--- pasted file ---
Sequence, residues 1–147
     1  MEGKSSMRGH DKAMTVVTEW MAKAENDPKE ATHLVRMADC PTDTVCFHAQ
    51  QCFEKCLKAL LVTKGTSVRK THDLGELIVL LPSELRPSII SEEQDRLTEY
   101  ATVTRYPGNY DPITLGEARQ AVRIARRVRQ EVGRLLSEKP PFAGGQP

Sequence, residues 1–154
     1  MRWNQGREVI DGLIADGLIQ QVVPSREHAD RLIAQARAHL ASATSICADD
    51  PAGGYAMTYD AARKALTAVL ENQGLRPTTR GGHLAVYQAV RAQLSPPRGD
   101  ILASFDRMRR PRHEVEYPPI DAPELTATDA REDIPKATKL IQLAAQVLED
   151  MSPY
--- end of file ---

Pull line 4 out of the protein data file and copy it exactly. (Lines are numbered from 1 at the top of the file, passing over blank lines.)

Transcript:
   101  ATVTRYPGNY DPITLGEARQ AVRIARRVRQ EVGRLLSEKP PFAGGQP